Farm Bill Payments


June 29, 2017

Paul Neiffer, an accounting expert with Clifton Larson Allen, joined us today to discuss the nuances regarding Farm Bill payments.

According to a recent Purdue University study, it is believed that farmers in the Corn Belt will fare better under the 2018 Farm Bill than farmers in the mountains and southern states. We asked Neiffer for his thoughts on the matter.

“Essentially,” he explains, “there was a very large corn ARC payment for the 2014-2015 crop, which is payed a year in arrears, whereas there was not really that large of a what payment in wheat for ARC or PLC for those two crop years, which would more affect Texas, Oklahoma, Kansas, and the mountain states. That is the primary reason why there was a lot more in the corn belt than those was in the mountain states and southwestern states and so on.”

We then asked him how the forecast changes when the 2017 payment forecasts are incorporated.

“Likely, it is going to be almost completely reverse. There will still be some decent sized corn ARC payments in certain states, especially in those states where their yields were down – like Colorado, Kansas, Texas, Oklahoma – hey are potentially looking at huge wheat PLC payments. It is likely payments are going to be paid off this year. Wheat may even be more than half of the total ARC/PLC payments paid out this year, so it is probably going to equalize out compared to what it was based on the first two years,” he stated.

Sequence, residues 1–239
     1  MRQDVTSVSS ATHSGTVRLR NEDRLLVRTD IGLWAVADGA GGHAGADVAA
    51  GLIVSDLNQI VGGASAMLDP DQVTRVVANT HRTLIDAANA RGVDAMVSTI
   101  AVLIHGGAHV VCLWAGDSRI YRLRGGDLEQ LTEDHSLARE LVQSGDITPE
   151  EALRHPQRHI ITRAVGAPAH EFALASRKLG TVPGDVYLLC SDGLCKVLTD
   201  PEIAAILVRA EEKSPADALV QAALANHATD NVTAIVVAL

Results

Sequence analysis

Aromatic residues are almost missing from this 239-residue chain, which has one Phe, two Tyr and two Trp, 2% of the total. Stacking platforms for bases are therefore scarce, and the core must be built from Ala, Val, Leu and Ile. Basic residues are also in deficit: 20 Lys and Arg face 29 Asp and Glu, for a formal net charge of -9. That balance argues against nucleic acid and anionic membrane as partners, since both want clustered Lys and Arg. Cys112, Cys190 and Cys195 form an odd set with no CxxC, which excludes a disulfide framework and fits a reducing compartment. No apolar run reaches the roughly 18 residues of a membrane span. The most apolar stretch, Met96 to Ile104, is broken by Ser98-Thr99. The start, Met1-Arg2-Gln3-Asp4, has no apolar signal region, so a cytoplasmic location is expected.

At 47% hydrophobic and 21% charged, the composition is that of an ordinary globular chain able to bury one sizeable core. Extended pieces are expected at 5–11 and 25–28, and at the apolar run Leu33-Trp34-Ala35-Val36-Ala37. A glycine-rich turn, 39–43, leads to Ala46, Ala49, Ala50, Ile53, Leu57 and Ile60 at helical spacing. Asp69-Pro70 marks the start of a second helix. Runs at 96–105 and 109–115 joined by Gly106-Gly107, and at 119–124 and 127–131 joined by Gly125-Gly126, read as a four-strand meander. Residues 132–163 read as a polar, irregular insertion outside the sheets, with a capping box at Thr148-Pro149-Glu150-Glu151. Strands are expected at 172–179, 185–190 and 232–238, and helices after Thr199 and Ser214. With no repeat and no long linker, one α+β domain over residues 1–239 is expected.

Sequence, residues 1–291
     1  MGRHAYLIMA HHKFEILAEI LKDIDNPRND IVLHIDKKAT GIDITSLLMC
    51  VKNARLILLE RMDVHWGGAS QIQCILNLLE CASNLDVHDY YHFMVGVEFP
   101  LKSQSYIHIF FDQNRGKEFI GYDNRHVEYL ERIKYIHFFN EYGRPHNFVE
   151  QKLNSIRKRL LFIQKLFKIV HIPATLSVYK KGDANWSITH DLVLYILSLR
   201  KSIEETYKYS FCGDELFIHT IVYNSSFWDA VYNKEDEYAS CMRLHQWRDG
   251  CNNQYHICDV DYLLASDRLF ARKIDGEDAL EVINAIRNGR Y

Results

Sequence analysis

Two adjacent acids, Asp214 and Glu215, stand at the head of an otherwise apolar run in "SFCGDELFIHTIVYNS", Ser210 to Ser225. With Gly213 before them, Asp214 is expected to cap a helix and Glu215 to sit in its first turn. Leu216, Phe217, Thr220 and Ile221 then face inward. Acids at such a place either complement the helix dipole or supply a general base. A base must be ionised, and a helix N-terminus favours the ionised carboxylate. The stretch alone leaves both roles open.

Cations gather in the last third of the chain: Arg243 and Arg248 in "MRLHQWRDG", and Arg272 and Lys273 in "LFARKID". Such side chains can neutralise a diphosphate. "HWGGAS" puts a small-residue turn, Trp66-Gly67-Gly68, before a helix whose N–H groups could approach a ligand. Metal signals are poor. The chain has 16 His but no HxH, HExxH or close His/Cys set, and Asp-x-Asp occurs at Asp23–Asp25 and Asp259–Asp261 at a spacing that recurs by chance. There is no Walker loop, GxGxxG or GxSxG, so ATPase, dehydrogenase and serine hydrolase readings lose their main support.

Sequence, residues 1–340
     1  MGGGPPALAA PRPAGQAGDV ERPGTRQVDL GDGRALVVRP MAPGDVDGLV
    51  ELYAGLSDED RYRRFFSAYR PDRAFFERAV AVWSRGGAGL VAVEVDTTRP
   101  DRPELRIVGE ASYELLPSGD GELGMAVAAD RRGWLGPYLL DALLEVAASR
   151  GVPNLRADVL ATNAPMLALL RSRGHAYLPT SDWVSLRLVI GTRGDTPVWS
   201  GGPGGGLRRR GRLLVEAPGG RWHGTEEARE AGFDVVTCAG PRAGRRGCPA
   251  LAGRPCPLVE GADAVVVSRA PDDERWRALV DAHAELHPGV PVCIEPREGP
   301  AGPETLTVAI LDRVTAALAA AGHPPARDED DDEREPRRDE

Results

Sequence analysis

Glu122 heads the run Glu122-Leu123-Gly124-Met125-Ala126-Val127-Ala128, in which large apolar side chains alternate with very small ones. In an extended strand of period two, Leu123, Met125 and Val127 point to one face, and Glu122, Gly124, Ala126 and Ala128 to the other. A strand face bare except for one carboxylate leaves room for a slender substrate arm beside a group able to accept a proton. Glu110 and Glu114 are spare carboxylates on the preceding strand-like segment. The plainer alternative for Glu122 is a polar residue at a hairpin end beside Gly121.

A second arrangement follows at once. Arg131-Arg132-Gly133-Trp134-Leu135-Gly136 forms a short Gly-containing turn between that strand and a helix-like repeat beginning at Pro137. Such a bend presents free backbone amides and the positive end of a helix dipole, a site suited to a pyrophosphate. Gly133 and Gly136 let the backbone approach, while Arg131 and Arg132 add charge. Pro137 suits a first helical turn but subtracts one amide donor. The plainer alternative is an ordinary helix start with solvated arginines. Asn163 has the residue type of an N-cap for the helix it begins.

Finally, we discussed anticipations for large variants taking place between counties in the same state.

“Definitely,” he asserted. “We have already seen in multiple states that, if you were based in one county, you were likely to get a very small payment, whereas your neighbor farmer, that might have been only a half a mile away from you, in that opposite county, was able to maybe get $70 payments. . . . I think they’re definitely going to have to address that, because the last thing you want to do is to have the neighbor down in the local coffee shop complaining about his low payment compared to everybody else.”

For more of Paul Neiffer’s thoughts visit